So in a world where you can’t even trust yourself, what good is the advice of professionals? Many new collectors come to Contemporary art through their interior designers — one simply must have something to go with the new wall colour — but it does have its costs, and not just the 20 per cent that some designers take on art purchases. It’s more that their highest priority will be finding abstract works to complement classic-contemporary interiors.
Think of Candy & Candy’s One Hyde Park. The layering of materials there — from lacquer to stone to textiles — cries out for works by the likes of Jason Martin, the Lisson Gallery’s monochromatic surface artist, or Ian Davenport, Leslie Waddington’s painter of vertical rainbows, as one art adviser suggested. Just be sure you like them as stimulating works of art, not (undeservedly) as wall decoration.
Art advisers’ roles in all this are debatable. On the one hand, some proliferate identikit collections — the Damien Hirst Spot painting, Andy Warhol silkscreen and Jackson Pollock drip-work combination that is de rigueur in Knightsbridge. The fact that Eighties New York penthouses needed just a few names like Eric Fischl, Francesco Clemente and David Salle to reach the stars, whereas modern collectors need a hundred from the US to Iran, means that collecting in the 21st century is increasingly time-consuming and expensive, and guidance is progressively welcome.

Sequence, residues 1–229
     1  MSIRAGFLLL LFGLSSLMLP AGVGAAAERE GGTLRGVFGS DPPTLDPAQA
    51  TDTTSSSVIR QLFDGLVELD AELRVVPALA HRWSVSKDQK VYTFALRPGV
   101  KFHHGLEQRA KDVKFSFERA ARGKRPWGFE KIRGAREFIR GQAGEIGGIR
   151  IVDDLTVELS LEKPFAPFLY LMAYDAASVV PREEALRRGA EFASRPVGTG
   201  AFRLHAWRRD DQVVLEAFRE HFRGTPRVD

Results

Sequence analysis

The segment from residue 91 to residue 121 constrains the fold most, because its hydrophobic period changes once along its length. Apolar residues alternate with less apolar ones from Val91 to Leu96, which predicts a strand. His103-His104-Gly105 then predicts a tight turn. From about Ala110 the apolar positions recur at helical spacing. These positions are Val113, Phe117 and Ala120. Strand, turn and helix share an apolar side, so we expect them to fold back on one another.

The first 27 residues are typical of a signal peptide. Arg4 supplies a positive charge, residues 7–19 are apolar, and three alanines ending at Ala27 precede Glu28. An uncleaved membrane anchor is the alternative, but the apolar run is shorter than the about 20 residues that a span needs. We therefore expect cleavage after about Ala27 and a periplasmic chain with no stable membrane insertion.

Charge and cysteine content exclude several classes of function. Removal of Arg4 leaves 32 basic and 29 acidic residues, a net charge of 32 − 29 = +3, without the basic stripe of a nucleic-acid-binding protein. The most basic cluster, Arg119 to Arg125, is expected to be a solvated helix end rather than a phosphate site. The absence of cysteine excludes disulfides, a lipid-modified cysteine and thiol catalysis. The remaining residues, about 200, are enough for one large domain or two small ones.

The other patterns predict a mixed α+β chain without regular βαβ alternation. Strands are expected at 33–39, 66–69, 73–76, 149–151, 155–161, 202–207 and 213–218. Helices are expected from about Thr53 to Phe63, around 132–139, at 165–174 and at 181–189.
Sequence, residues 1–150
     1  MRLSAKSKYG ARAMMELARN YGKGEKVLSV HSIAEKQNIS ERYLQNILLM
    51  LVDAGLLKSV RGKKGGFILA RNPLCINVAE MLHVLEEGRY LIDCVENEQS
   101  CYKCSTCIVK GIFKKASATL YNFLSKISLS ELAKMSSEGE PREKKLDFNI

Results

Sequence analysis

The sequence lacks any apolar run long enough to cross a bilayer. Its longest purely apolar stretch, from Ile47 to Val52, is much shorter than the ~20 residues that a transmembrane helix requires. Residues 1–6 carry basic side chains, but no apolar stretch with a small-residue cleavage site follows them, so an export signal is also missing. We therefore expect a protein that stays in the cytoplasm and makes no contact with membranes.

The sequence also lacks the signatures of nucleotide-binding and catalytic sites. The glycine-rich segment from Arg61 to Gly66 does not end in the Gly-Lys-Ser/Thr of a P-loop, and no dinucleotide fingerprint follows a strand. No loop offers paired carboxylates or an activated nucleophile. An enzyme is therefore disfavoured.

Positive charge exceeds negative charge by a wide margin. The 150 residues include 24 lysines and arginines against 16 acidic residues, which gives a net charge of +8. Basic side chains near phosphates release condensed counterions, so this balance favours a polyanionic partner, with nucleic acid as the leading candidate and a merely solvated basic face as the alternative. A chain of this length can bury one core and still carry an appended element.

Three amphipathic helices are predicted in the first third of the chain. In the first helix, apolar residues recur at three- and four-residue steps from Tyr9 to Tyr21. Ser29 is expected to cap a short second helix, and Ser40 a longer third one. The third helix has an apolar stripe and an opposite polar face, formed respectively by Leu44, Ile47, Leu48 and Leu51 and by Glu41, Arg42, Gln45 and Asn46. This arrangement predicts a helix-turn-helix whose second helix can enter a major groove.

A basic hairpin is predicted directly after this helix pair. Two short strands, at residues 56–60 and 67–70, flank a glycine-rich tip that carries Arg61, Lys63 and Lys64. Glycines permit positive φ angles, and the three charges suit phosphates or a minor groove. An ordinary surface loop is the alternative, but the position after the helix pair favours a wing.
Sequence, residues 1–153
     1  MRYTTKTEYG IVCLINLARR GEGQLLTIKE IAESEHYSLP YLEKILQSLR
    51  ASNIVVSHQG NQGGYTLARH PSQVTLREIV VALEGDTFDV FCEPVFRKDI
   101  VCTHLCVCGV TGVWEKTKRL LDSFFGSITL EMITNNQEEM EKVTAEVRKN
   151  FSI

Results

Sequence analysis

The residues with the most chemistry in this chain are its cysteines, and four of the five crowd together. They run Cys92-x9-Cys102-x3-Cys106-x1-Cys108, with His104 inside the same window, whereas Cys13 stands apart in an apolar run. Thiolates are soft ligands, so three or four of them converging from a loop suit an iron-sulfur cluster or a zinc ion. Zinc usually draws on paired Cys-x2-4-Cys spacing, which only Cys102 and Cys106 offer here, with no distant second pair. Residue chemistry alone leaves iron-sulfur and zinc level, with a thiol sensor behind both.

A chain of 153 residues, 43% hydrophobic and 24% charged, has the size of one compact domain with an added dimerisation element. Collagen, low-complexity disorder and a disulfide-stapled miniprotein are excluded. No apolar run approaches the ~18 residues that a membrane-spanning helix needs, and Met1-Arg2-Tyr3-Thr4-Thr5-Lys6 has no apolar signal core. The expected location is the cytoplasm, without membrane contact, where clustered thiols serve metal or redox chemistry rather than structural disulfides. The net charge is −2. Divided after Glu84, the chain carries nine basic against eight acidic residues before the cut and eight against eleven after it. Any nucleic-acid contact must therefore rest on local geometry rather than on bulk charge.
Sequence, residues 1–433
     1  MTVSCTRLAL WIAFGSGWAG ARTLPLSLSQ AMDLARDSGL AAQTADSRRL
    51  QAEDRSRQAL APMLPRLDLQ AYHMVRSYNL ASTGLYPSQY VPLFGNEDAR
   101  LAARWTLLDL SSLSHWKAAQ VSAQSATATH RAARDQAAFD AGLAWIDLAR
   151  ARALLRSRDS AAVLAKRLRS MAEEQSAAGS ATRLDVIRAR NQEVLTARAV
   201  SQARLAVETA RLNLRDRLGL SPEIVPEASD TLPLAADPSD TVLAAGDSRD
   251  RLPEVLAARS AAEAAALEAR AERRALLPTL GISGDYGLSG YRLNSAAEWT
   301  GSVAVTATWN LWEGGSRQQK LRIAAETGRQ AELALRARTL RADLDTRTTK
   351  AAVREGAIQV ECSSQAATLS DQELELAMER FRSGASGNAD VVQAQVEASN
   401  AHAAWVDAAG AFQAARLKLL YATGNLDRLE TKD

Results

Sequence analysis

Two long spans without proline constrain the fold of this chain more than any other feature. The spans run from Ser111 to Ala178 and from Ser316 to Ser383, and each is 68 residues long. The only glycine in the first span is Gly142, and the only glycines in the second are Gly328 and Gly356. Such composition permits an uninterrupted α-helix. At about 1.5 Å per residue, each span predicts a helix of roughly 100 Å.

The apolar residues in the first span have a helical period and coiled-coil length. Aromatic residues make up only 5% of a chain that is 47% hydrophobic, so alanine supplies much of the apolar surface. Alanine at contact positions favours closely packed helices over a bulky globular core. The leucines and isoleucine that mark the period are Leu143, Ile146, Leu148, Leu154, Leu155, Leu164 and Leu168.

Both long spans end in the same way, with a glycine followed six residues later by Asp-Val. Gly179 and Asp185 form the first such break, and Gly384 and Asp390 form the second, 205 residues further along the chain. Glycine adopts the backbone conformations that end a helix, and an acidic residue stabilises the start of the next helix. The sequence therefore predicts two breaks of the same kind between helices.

‘I add value in helping collectors to define their aesthetics,’ says Pos. ‘An art collection can quickly grow to represent a considerable portion of a collector’s overall portfolio so, like any other investment, it needs to be monitored by someone knowledgeable and at the centre of the industry. In the same breath, my ultimate goal is to widen the collector’s level of education, as I did recently by taking several on a private tour of the da Vinci show, as that helps me to advise them in the long run.’
Money may be tight and HNWs may be loath to add another layer of employees, but they really do put the value in valuables. This is more important than ever with Hirst and Freud trading for $25 million-plus. Think how you’d feel in the position of the late Japanese industrialist Ryoei Saito, who, having spent $82.5 million on Van Gogh’s Portrait of Dr Gachet, was hit with a restitution claim seven years on… Or in Charles Saatchi’s position in the Nineties, when he watched Hirst’s shark, the most iconic artwork produced in Britain for generations, deteriorate before his eyes. Remember: as the one holding the purse strings, you have more power than the deities of the Contemporary art world would like you to think.
Freddy Barker is head of the Spear’s research unit